At the Family Christmas dinner, I used my Canon Speedlite 580EX MKII. This unit is the best mobile flash I have ever used. It uses intelligent TTL metering and has a full range of manual settings as well. I used a Diffuser Cup over the flash to soften the light or simply bounced it into a white ceiling and with the 5D MKII’s Speedlite settings, I was able to shoot some fantastic pics! Being able to quickly dial up exposure compensation on the back of the speedlite was also incredible handy for adjusting the foreground exposure.
Later, We travelled to Daylesford Victoria for the annual New Years Eve parade and various family activities at the Farm and the Town House. Both these places have served as my testing location for many different camera systems over the years because they are a rich hunting ground for Texture, Antiques and incredible vistas. For any photographer, they provide real world conditions to many common photographic situations. The Australian Harsh Sun can truly test any camera for it’s dynamic range capabilities as an example.
It’s here I really found that the 5D MKII has some amazing attributes over the original 5D (which I also own). The shear resolution of the camera is impressive. Generally I use to leave my 24-105mm Canon zoom on the 5D. On the new 5D MKII, I found that the resolution of this lens has been superseded by the capabilities of the sensor. To the ordinary lay person, it’s probably not noticeable, however I found the images with this lens were softer in nature and the Vignetting I used to find attractive on the Original 5D now appears too much on the New version. To clarify, I’m subjectively comparing both the 24-105 zoom lens on both cameras as well as comparing the sharpness taken on my 100-400mm Canon L Series Zoom Lens. I also have a 15mm semi fisheye Canon fixed lens. This also appears to be softer in nature but that is to be expected from a really wide angle lens. My point is that both 24-104 and the 15mm lenses on the new 5D MKII show their respective flaws much quicker and in a more obvious way then they ever did on the lesser sensor of the original 5D camera.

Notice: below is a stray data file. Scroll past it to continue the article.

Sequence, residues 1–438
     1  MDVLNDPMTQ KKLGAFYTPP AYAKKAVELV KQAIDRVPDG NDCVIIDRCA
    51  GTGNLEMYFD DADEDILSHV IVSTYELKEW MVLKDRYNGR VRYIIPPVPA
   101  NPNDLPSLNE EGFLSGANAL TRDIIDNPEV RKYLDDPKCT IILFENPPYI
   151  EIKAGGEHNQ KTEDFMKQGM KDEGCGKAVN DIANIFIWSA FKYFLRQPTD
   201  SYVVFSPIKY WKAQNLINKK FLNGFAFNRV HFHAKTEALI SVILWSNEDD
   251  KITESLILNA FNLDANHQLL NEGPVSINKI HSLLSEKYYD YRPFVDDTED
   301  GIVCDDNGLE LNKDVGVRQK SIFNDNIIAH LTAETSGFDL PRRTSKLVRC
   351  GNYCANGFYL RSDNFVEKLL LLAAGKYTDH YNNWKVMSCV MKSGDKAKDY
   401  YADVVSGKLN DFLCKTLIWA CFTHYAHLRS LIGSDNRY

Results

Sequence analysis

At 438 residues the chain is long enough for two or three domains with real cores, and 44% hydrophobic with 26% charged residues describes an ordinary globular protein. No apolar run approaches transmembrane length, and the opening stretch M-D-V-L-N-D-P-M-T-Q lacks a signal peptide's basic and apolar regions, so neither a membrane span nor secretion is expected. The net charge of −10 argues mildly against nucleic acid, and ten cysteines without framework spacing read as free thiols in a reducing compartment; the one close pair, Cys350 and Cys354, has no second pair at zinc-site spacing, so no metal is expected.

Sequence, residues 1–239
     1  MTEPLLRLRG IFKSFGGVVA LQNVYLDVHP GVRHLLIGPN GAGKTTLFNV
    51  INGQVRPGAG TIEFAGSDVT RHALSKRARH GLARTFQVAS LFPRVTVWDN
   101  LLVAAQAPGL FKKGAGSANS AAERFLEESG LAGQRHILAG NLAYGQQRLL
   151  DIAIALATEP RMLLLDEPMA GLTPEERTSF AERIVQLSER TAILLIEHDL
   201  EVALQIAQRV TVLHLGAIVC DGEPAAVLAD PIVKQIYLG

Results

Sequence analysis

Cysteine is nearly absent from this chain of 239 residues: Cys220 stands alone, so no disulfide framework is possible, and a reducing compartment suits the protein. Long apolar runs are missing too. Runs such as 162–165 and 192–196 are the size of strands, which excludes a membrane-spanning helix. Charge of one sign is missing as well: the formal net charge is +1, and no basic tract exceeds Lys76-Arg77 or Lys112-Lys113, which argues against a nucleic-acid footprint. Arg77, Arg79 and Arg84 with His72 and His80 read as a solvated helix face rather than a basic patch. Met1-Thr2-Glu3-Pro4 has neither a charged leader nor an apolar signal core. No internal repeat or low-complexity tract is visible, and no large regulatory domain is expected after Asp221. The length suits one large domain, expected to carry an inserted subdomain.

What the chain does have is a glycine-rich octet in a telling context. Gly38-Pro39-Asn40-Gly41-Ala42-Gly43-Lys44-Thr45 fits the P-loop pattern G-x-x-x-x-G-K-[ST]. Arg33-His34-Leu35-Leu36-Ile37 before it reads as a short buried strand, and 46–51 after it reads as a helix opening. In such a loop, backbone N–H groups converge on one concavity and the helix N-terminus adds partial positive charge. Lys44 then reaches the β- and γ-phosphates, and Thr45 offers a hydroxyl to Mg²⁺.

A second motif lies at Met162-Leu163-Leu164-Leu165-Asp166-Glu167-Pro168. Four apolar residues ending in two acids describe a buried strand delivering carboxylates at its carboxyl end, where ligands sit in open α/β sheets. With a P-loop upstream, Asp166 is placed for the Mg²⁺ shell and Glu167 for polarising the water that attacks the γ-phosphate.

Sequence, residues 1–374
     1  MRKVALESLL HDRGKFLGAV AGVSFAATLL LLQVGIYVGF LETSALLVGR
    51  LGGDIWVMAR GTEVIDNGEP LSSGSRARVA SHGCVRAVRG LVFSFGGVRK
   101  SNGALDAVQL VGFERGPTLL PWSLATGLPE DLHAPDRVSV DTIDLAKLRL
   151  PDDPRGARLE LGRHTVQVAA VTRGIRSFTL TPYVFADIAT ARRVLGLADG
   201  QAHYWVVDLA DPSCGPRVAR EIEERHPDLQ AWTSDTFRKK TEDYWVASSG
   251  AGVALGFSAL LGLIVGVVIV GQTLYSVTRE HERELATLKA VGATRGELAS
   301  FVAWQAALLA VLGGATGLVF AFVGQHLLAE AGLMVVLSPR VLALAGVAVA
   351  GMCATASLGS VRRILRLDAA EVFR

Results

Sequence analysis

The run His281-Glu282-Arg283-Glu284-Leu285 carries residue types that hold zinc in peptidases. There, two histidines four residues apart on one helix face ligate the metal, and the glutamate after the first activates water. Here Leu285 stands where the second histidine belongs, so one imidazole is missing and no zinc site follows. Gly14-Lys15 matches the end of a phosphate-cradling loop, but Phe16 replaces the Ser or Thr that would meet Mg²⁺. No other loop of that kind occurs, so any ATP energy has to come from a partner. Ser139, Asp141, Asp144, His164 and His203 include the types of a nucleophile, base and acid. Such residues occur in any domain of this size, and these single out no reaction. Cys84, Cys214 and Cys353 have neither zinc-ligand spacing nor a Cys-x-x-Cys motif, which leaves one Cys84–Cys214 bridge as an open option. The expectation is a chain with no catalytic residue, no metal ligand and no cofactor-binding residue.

For me, it points out the importance of choosing the best glass possible when buying lenses. Testing the quality of lenses is quite a science whether it’s on a Stills Camera or on Motion Picture Camera’s. However there are a few things you should always do before buying. Physically test the lens for yourself and Read as many reviews as you can - Most likely others have already performed all the scientific tests for you, however pay attention to any bias towards brand names etc. Not everyone has an agnostic opinion when it comes to choice of manufacturer. There does appear to be quite a war between Canon and Nikon users which is a shame. Both are great Camera Manufacturers however there are others rising fast in the background. Sony, RED and Panasonic are all new names entering into the market with some pretty interesting gear! Third party manufacturers of Lenses also exist and Sigma for instance have some pretty nice lenses with Canon mounts.